The TL;DR
  • A vibrant array of STEM-focused, student-led clubs and organizations are available to all NYU Tandon School of Engineering students.
  • Tandon clubs offer students from diverse backgrounds a place to connect, collaborate, and support one another.
  • These STEM-focused groups play a crucial role in creating a more inclusive generation of future STEM leaders.
A student seated at a computer in a lab, surrounded by wires as they work on an engineering project.

In recent years, there has been a growing emphasis on diversifying the fields of Science, Technology, Engineering, and Mathematics (STEM). At NYU Tandon School of Engineering, this isn’t just talk. In fact, it’s embodied through a vibrant array of student-led clubs and organizations. These groups serve as vital hubs for students from diverse backgrounds to connect, collaborate, and thrive in STEM fields.

Two students focus on operating a 3D printer in an engineering lab. Surrounding them are labeled bins filled with various parts and components.
Connecting over Common Heritage

The National Society of Black Engineers (NSBE) provides a support network for Black students navigating the challenges of STEM. Members can bond during field days, galas, and giveaways of Black-owned self-care products. Career panels and company visits encourage professional growth. The group also makes a difference in the community through park clean-ups, charity walks, and a high school outreach program.

Joy Sure is a senior Chemical and Biomolecular Engineering major and the group’s president. “One memorable moment was the National Convention in 2022, where I saw how impactful the organization is in students’ professional development and trajectory,” says Joy. She witnessed students receive full-time job offers and internships at top companies. “Everyone celebrated each other’s victories as if they were their own.”

Similarly, the Society of Asian Scientists and Engineers (SASE) is dedicated to supporting Asian students in STEM. SASE provides a platform to form friendships and engage in professional development. Hispanic students can connect through the Society of Hispanic Professional Engineers (SHPE). The group hosts professional and social events, from job workshops and resume reviews to salsa and trivia nights.

“Having a group of students like myself to share experiences with and grow together at NYU has been truly priceless,” says the SHPE president and senior Computer Science major Jay Mercado. Many SHPE members are first-generation Americans and college students. “Our unique perspectives, attitudes, and work ethic are at the forefront of breaking stereotypes and provoking change in the STEM field,” Jay says.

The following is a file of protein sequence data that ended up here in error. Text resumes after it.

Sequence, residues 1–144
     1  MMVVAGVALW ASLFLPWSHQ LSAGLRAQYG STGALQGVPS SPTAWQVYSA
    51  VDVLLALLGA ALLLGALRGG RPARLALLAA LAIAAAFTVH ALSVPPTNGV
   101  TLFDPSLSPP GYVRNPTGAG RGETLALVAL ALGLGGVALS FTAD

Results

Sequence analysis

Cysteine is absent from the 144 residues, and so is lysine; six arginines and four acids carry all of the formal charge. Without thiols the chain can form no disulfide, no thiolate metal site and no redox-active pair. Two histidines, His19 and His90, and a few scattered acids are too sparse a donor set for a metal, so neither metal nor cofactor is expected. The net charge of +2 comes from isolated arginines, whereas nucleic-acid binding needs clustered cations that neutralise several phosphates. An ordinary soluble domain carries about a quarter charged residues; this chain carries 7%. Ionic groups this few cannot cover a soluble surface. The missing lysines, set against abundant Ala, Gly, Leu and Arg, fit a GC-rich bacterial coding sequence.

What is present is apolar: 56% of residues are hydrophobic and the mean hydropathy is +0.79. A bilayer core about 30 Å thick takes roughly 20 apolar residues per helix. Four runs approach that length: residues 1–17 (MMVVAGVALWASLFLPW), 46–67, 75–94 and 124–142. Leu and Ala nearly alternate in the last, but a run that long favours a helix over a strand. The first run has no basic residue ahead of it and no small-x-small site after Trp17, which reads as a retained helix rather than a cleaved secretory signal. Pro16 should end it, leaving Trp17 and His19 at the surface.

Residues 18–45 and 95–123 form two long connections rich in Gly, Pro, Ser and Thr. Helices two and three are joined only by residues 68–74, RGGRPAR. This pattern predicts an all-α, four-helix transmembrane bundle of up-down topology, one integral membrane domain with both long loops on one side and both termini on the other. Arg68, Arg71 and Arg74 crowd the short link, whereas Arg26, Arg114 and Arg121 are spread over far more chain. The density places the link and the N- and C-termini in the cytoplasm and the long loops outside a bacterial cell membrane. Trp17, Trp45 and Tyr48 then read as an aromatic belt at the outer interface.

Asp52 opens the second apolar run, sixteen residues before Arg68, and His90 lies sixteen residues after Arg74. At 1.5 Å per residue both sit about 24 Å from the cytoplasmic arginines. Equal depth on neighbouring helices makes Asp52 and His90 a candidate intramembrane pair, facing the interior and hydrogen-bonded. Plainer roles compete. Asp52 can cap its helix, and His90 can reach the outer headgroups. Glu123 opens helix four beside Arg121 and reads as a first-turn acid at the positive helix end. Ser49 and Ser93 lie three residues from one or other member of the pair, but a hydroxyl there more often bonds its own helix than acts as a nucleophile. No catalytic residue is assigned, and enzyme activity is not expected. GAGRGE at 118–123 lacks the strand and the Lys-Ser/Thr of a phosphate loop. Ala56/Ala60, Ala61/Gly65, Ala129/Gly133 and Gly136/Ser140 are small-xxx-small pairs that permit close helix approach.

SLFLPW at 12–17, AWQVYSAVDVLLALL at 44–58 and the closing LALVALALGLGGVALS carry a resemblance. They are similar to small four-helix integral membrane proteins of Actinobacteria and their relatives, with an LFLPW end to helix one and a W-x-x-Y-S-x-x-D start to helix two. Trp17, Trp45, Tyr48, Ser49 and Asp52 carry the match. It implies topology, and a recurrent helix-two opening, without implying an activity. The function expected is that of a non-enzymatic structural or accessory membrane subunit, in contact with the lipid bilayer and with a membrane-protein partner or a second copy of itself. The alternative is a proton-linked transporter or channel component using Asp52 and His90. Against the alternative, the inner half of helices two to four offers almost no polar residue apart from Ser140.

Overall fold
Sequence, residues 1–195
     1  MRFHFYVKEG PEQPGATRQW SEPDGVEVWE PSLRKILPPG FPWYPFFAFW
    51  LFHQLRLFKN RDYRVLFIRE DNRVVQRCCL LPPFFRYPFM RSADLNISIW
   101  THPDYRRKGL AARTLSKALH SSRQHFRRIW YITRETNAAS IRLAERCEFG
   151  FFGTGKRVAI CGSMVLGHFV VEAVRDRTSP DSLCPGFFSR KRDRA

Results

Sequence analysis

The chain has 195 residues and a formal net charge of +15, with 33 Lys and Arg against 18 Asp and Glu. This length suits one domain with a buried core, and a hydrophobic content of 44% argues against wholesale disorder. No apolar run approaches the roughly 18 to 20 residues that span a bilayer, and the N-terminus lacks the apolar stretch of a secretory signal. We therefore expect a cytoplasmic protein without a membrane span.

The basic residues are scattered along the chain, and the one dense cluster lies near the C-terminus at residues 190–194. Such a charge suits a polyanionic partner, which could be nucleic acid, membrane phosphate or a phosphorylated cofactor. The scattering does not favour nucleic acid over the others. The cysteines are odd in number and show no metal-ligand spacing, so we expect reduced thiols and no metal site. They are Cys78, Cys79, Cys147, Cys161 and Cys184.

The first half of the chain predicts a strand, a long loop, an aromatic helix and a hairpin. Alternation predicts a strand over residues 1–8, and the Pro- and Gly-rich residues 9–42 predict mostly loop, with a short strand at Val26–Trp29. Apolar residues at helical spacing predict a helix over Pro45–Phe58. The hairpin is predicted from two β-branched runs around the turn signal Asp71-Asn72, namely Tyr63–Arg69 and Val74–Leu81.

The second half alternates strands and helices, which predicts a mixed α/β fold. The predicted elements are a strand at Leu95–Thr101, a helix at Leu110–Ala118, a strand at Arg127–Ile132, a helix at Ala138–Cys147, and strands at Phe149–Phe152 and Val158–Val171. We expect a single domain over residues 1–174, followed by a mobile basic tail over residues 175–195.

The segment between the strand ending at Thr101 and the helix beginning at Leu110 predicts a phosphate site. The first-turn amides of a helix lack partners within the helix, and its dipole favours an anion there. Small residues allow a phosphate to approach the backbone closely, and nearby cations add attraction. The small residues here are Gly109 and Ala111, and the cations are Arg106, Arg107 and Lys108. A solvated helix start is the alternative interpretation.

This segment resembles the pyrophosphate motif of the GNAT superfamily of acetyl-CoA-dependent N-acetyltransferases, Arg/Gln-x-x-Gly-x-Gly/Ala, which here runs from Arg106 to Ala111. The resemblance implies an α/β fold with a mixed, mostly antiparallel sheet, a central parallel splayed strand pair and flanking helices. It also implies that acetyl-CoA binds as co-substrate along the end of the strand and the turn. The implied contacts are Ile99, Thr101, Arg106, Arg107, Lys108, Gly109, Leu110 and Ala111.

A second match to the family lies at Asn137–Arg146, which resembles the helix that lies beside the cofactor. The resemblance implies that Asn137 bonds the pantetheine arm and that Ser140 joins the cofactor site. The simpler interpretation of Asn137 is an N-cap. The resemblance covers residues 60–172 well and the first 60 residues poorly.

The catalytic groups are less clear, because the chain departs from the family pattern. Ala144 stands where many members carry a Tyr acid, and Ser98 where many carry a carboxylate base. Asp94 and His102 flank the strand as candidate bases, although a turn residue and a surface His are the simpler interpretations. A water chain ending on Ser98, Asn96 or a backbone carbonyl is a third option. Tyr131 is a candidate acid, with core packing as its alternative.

Creating Safe Spaces

In addition, there are identity groups championing gender and sexual diversity in STEM. The Society of Women Engineers (SWE) offers a supportive community for women pursuing careers in traditionally male-dominated fields. With mentorship programs and professional development events, SWE empowers its members to break barriers and excel.

Similarly, out in STEM (oSTEM) provides support and resources for LGBTQ+ individuals to thrive authentically. Through workshops and social gatherings, the group creates a space where members can network, share experiences, and advocate for LGBTQ+ visibility and representation in STEM fields.

Two students wearing lab coats, talking in a laboratory.
Representation Matters

Diverse perspectives foster innovation and equitable solutions to complex problems.

“Creating representation is particularly crucial in STEM, as students graduating from these degrees will be trailblazers contributing to technological advancements and decisions that will shape societies worldwide,” says Joy, who points out that fewer than 5 percent of US engineers are Black.

Another NSBE member, Hanna Gebremichael, is a first-generation college student. As a woman majoring in biomedical engineering who plans to be a doctor, she has overcome challenges navigating two fields where a small number of people look like her.

“Without seeing people who look like you in the spaces you hope to one day occupy, it’s almost impossible to think that you can accomplish what you’ve set out to do,” says Hanna. “NSBE has shown me that there are people who look like me making huge strides in science and technology and has motivated me to continue paving my own path and being the representation I want to see more of.”

By providing platforms for students from diverse backgrounds to connect, collaborate, and support each other, clubs at Tandon play a crucial role in creating a more inclusive generation of future STEM leaders.